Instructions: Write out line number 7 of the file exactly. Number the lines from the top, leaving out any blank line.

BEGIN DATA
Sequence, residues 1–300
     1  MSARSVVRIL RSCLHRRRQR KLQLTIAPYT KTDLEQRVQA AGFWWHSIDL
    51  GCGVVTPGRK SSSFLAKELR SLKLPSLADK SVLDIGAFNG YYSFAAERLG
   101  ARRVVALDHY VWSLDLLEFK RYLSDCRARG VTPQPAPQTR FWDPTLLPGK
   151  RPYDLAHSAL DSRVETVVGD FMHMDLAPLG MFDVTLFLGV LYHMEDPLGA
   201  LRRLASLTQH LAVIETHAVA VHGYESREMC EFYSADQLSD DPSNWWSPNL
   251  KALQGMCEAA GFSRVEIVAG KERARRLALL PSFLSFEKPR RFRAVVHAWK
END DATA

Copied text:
   251  KALQGMCEAA GFSRVEIVAG KERARRLALL PSFLSFEKPR RFRAVVHAWK